Part I can be found here.

PART TWO: Matter and the Poached Egg


In this Part Two of what is now a four-part article, the main focus is on quantum entanglement – a strange feature of which we have only the wispiest grasp. It will be argued that nature flatly needs it, on grounds of consistency. The notion of holomatter will also be introduced. It will be shown that this “super-matter” sheds new light on the quantum world, one that makes it less… befuddling.

When I felt it was necessary, I took the liberty to coin a few words. Their definitions are given in the Appendix 2A. Also, many footnotes are added to the text. Nearly all of them can be ignored with no adverse effect on the global comprehension.

A reminder of Part One

“Stir-waves” and “stuff-waves”

In Part One, a distinction was made between “stir-waves” or motion waves on the one hand, and “stuff-waves” or substance waves on the other. It was suggested that quantum waves are substance waves, rather than the probability waves they’re often made out to be. Like any wave, they are not static. They need some wiggle room and they cannot be point-like. Accordingly, quantum waves are spread out in space and can be said to be fuzzy. This fuzziness is such that quantum objects, as a rule, obey a principle of superposition when they evolve in their wave-like fashion.
Another important property of the ubiquitous quantum stuff-waves is that they are feelers of their environment. Being outstretched and nonlocal, they sense their environment out and adapt to it, regardless of the distances. They are “remote” feelers and can pull off uncanny feats that raise awkward questions such as: How can a particle possibly “know” when it is and isn’t being watched? How can it anticipate a future change in an experimental setup, and behave accordingly? I’ll tackle these questions in Part Three, when I’ll discuss Wheeler’s and the quantum eraser delayed-choice experiments.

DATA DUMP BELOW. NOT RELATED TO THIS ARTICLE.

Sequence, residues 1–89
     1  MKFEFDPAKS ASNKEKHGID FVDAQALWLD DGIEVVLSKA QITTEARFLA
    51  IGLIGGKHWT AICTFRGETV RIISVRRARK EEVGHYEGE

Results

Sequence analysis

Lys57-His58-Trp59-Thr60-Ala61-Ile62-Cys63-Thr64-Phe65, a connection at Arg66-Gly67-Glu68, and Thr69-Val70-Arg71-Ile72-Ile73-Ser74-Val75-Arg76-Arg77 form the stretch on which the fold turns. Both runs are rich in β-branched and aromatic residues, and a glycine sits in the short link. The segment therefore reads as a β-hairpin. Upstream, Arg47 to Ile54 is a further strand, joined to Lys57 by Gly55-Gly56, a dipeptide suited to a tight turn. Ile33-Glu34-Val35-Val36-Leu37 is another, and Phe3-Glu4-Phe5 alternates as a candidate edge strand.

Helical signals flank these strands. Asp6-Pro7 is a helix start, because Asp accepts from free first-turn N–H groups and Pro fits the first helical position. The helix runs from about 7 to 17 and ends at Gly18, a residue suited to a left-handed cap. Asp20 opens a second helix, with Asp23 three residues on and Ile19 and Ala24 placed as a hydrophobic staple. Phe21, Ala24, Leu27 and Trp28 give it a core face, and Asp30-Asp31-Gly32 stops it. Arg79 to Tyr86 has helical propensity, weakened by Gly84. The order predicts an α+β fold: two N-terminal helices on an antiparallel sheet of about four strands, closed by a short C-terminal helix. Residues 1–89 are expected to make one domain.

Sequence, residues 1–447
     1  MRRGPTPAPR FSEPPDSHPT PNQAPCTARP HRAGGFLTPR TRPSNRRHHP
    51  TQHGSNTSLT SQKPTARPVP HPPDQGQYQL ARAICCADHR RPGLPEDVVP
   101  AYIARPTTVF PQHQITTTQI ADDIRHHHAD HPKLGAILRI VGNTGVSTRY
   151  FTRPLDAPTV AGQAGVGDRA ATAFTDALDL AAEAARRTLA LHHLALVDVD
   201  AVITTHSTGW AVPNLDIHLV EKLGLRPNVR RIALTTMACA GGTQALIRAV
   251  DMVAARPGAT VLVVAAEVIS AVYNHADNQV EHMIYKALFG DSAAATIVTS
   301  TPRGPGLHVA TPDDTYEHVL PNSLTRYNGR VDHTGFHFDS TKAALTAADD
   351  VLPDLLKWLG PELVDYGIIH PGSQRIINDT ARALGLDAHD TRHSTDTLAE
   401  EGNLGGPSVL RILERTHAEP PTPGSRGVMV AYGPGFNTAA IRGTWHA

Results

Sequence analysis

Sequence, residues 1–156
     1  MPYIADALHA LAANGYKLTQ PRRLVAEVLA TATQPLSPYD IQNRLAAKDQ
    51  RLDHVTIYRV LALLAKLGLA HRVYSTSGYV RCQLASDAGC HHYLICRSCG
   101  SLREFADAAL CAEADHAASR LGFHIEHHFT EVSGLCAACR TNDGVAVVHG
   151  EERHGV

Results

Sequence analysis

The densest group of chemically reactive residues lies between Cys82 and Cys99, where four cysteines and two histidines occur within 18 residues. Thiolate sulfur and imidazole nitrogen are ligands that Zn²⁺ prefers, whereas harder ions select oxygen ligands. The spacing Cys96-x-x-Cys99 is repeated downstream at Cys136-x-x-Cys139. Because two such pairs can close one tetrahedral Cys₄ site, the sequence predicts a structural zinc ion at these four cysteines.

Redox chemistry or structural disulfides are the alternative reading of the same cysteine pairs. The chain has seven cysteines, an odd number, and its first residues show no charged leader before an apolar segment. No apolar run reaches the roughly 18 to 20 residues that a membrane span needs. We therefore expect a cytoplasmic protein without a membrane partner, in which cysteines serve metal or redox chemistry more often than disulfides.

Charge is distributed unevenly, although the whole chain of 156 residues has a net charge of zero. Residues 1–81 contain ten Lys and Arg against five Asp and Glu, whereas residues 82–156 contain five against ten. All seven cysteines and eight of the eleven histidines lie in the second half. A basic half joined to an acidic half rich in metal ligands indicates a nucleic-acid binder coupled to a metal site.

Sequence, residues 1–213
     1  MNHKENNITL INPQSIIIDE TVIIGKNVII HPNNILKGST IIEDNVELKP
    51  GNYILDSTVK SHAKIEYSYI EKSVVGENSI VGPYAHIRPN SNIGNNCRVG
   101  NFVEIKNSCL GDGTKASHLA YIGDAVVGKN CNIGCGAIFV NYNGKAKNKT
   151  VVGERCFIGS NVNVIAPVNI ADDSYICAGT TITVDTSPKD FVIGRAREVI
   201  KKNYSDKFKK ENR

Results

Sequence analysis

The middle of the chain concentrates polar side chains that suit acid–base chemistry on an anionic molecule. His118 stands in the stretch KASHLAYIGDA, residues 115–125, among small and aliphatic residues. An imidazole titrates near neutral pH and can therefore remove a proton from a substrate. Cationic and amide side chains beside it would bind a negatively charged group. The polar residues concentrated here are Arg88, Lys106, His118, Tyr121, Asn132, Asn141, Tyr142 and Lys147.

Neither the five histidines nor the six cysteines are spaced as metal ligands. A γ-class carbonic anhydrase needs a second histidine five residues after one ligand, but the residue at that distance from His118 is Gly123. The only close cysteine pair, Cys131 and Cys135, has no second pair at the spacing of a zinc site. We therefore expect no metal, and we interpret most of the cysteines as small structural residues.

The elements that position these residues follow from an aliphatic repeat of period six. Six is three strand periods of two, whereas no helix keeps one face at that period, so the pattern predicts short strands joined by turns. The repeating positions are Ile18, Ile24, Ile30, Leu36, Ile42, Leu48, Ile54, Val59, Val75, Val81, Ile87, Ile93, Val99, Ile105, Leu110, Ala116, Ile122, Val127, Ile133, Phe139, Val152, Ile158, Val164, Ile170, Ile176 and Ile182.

Stir-waves or motion waves are free to interfere with whatever similar waves come their way – sound waves with sound waves, water ripples with overlapping ripples. Their interference is harmless. It never poses any threat to nature’s consistency. However, it is not so with quantum waves qua substance waves. For example, two of them can add up to flat-out nothing by destructive interference. This is naught out of aught! This possibility, highlighted in Part One, is a definite no-no since it goes smack against nature’s consistency. Nature can definitely ill afford to be contradictory and is never so, at least in damaging ways. To steer clear of such a risk, quantum waves come with strings attached. The way they interfere is put in check, as we now find out.

Quantumhood and quantum threats

To nip any contradiction due to interfering quantum waves in the bud, nature relies on its anti-contradiction immunity to control and restrain their interference. It does so through the principle of quantumhood, which rules out any strictly wave-like evolution of an elementary particle that would break it in mutually non-interfering bits. As I explained in my Expanding Matter paper, “The principle of quantumhood is a principle of wholeness that bears on the electron and on any particle more generally. It precludes them, as they move about in their deterministic and wave-like fashion, from being torn into bits that would no longer interfere mutually. This principle is iron-clad.“